Welcome to the new, uniquely 21st-century family comedy—so what if it's not rated G? S-words. Sabotage. Gay gags. Nudity. Sequences of genuinely funny laugh lines, a clever twist on Extreme Makeover: Home Edition ("Move the bus!") and even Tim Allen himself weren't nearly enough to distract us from the fact that the sneak-peek showing we attended was crammed with kids. And their parents. And their friends. And their friends' parents. Who brought whom to watch this stuff? And why wasn't anybody leaving, say, after about the 10th s-word and the second naked backside? Right. Because everybody was too busy guffawing over jokes about bestiality, S&M grannies and bags of feces. This is the new family comedy, remember? Come for the goofy midlife crises. Stay for the lingering shots of bikini-clad California girls. No reason to leave. Lots to see here ...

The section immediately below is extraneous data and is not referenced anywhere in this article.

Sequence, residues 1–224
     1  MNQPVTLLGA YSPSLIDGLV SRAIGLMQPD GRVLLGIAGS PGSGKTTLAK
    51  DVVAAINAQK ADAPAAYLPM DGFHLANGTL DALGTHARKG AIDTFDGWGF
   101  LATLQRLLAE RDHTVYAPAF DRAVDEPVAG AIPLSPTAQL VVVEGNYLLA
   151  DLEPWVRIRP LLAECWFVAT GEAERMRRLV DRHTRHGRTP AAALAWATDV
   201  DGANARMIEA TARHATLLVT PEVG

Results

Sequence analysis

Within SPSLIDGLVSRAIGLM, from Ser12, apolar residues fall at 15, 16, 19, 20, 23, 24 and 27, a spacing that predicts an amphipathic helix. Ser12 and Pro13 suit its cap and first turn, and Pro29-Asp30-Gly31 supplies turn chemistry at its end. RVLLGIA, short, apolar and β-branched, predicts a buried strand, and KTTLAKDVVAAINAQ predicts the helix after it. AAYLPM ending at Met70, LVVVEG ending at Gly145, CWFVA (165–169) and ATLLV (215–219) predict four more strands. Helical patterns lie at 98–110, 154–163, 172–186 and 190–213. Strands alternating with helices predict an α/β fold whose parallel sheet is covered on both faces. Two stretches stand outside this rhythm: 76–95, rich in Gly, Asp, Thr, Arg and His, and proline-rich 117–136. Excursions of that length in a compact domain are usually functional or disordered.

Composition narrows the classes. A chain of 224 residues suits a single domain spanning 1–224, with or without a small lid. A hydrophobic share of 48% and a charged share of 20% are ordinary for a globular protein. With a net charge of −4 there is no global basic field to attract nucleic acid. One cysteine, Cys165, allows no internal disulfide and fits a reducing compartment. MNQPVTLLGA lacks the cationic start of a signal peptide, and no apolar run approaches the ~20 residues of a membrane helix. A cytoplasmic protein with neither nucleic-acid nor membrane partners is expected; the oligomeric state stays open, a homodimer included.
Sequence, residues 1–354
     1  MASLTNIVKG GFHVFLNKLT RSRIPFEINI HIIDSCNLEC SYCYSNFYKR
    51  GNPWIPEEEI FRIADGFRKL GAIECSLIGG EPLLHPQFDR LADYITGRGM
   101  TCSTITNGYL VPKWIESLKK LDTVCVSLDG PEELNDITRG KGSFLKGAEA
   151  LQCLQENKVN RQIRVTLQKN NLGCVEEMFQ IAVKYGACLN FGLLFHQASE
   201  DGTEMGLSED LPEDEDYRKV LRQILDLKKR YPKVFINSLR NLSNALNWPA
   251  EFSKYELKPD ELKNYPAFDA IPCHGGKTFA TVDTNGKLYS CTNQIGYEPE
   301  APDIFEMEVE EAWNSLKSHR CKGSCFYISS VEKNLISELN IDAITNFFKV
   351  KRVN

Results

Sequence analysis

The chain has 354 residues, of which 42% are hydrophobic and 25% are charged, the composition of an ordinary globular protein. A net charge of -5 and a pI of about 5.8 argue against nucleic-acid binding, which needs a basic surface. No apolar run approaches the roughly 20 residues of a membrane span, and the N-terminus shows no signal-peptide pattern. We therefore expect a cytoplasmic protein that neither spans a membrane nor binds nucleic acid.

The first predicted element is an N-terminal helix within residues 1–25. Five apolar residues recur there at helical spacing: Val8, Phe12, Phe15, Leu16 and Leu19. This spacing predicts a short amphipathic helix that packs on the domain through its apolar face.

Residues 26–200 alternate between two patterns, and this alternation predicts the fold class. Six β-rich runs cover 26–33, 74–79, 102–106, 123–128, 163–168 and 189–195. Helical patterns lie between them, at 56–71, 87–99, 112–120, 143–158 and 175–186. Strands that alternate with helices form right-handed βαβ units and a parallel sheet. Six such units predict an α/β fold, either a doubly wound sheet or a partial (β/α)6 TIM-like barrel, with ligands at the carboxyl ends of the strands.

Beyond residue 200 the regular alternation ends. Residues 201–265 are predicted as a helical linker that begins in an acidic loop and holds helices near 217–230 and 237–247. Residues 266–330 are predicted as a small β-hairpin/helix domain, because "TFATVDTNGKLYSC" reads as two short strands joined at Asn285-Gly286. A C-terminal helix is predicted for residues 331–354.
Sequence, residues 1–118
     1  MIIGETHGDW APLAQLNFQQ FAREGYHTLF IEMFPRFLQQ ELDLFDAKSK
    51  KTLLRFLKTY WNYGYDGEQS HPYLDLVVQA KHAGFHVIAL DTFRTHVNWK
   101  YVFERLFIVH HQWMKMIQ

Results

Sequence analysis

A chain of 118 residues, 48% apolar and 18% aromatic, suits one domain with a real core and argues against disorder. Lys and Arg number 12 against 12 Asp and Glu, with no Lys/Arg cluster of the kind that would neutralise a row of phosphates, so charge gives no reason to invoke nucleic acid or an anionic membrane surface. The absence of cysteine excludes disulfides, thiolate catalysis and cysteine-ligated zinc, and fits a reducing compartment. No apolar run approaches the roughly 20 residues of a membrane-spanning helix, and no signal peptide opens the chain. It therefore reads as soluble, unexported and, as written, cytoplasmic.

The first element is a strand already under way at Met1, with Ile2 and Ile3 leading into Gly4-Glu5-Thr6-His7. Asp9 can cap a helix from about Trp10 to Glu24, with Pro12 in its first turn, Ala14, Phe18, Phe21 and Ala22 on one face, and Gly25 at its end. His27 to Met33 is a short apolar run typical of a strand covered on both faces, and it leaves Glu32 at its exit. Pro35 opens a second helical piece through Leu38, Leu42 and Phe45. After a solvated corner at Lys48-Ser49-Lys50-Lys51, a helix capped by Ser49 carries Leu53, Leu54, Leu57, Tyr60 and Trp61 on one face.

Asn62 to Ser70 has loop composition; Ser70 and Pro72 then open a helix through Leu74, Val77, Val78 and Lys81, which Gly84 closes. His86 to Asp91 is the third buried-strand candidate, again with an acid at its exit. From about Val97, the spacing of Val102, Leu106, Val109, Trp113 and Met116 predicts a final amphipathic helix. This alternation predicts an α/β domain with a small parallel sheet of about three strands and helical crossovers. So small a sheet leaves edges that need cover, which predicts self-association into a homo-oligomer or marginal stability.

Movies don't have to be loaded with deeply profound and spiritual life lessons to be good. Sometimes you just want to sit back and laugh with some poor schmo who's pretending to be a biker. But while Larry, Mo and Curly fell down a lot and poked each other, Woody, Doug, Bobby and Dudley swear, brawl, get naked and burn down a bar.
Other Belief Systems
Readability Age Range
John Travolta as Woody Stevens; Tim Allen as Doug Madsen; Martin Lawrence as Bobby Davis; William H. Macy as Dudley Frank; Ray Liotta as Jack; Marisa Tomei as Maggie; Jill Hennessy as Kelly Madsen
Jeremy LeesSteven Isaac